Tuesday, August 05, 2008

Don’t think of a big drill: acknowledging real pain with real solutions

My answer to the gas price question: fix Social Security! (Not that it’s broken, mind you.)

Much has been written in the last couple of weeks about McCain’s nonsensical “solution” to high gasoline prices—offshore drilling—and many a brow has been furrowed because it seems that Democrats have yet to synthesize as pat an answer to the real hardship brought on by $4/gallon gas.

Even I, a solid opponent of off-shore drilling, subsidies to big oil, and even, truth be told, cheap hydrocarbon fuel, have been saying for many months now that first, the Democrats need a good answer for questions about rising fuel costs, second, the Democrats don’t seem to have one, and third, this is going to be a persistent problem in this election cycle.

Though Senator Barack Obama has recently made a comprehensive speech that makes many a good point about the failed energy policies of Bush/McCain, and includes some intriguing proposals that might help stimulate an alternative energy economy in the United States, he has also muddied his message with the much more sound-bitable statement that he would be open to some forms of off-shore oil exploration. The idea that Obama envisions an America that does not need nearly as much oil has not made headlines, but, alas, the story that Obama has “softened” his stance on drilling to move closer to McCain—be it true or not—has.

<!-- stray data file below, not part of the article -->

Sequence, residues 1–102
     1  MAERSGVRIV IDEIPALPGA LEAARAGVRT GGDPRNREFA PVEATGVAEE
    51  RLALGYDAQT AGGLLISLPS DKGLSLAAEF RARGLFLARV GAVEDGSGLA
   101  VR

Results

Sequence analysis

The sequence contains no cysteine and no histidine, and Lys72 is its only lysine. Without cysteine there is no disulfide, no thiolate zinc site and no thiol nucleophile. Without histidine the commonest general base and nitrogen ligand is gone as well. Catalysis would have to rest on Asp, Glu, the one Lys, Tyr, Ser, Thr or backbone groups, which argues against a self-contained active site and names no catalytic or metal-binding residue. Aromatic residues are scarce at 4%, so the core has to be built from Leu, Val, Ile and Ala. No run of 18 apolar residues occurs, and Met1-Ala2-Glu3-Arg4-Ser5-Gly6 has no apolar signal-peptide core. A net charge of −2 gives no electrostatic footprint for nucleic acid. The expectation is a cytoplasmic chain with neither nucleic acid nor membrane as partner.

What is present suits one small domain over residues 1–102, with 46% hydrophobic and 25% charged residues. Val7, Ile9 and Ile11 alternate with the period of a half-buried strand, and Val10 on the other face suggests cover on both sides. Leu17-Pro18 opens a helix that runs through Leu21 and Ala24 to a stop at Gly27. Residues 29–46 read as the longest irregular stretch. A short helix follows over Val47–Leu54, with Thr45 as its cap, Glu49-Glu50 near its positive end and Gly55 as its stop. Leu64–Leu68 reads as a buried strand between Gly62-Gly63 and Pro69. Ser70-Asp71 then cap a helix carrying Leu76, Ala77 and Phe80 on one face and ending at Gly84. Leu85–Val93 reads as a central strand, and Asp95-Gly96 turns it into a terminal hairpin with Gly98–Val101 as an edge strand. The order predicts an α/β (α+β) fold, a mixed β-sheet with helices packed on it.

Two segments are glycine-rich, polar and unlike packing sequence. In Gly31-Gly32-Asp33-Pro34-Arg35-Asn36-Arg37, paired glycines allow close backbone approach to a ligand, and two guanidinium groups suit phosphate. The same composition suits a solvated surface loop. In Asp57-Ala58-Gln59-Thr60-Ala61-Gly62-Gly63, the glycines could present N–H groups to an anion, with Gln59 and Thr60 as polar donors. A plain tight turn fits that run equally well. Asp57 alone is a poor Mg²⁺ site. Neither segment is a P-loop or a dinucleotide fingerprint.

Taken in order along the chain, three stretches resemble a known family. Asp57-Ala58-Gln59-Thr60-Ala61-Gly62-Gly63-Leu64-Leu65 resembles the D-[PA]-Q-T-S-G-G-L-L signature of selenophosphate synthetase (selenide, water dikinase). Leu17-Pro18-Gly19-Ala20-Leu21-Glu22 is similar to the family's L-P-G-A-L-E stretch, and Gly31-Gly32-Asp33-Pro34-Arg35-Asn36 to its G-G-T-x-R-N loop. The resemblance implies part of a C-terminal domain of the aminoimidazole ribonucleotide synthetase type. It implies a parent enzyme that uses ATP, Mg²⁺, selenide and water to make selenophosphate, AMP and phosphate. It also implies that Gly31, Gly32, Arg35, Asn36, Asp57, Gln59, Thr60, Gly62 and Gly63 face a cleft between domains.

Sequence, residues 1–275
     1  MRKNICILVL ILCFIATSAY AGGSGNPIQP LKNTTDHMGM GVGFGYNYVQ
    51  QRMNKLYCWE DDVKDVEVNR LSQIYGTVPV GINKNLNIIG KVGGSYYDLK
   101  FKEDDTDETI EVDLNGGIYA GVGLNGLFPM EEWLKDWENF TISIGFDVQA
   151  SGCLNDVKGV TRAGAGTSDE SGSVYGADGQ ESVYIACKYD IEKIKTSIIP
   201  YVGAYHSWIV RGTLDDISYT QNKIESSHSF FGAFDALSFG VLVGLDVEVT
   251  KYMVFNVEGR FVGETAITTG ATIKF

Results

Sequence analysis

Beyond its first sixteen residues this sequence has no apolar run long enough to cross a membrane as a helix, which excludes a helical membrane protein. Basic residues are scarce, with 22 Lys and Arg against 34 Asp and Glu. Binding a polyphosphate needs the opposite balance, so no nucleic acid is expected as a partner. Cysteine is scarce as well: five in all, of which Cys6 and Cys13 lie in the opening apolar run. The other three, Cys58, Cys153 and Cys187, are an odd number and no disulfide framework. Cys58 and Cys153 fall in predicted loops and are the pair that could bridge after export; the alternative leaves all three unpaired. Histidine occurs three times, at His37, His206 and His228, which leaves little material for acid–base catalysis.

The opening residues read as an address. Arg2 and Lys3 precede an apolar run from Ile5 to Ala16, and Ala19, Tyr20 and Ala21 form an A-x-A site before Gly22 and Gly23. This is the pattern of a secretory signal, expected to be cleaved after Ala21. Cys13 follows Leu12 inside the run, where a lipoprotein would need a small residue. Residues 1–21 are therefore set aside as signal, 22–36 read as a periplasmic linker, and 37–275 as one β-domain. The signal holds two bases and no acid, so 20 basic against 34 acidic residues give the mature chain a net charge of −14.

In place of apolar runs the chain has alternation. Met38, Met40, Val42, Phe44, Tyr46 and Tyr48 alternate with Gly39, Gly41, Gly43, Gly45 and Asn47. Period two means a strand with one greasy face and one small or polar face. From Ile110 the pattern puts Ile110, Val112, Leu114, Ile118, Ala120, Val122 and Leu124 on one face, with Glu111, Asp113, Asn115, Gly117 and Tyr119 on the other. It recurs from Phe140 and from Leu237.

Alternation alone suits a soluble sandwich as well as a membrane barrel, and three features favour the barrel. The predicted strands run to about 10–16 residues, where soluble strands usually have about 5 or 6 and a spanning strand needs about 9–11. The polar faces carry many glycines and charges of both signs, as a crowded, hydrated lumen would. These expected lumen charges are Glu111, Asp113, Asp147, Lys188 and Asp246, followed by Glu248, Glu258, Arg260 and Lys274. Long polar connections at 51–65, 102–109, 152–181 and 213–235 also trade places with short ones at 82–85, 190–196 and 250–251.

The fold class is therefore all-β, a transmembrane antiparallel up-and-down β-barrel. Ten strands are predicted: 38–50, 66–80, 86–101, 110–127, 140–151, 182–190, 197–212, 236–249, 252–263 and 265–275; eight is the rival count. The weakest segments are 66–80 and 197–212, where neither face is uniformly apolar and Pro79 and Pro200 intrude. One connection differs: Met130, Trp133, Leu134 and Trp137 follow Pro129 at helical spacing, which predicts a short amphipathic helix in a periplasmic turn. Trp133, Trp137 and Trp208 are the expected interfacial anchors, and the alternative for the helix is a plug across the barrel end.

The establishment media, with the help of big advertising dollars from big oil, seems eager to award this point to the Republicans, and Democratic standard-bearer has still not fed the beast a definitive answer about how he will lower gas prices.

Obama does not have an answer—and that is because there isn’t one (hard-to-explain arguments for a windfall profits tax notwithstanding). To talk about high gas prices strictly within the oil frame, or even within the energy frame, is playing on the Republican’s turf, and, after much brow-furrowing of my own, I believe that is a pitch on which we cannot score.

We will likely never see $2 per gallon gas again, nor would we want to (for may reasons involving consumption, conservation, pollution, ecology, economy, innovation, etc.). That said, it is hard to ignore the real pain that many Americans feel every time they pull up to the pump. How can Democrats respond to that pain?

The problem comes amidst so much economic upheaval, it is impossible to address in a vacuum—so how about we don’t? Rather than feel crippled by what the Republicans have wrought, let us seize this opportunity to set several things right. For, if handled correctly, this could present the country with the all-too-rare win-win-win scenario.

First up, we can’t make gas cost less, but we can give you more money to spend on it. To put it a slightly different way, government can’t do much to make gasoline cheaper right now, but it can immediately make its cost use up a smaller percentage of a working family’s budget.

Second, we will provide immediate and meaningful economic stimulus across the board—to every working American—but we will give most of that money to the people most likely to spend that money within the US economy.

Third, we give a substantial and permanent tax cut to the vast majority of Americans.

And, as a bonus “win,” fourth, we will “fix” Social Security (again, not that it’s really broken, but we can actually increase the size of the Social Security trust fund without cutting benefits—at all).

Here is how I propose we accomplish all of these lofty and presumably laudable goals:

1) Immediately eliminate the Social Security portion of the FICA tax on all income below the poverty line (currently pegged at about $10,400 for an individual).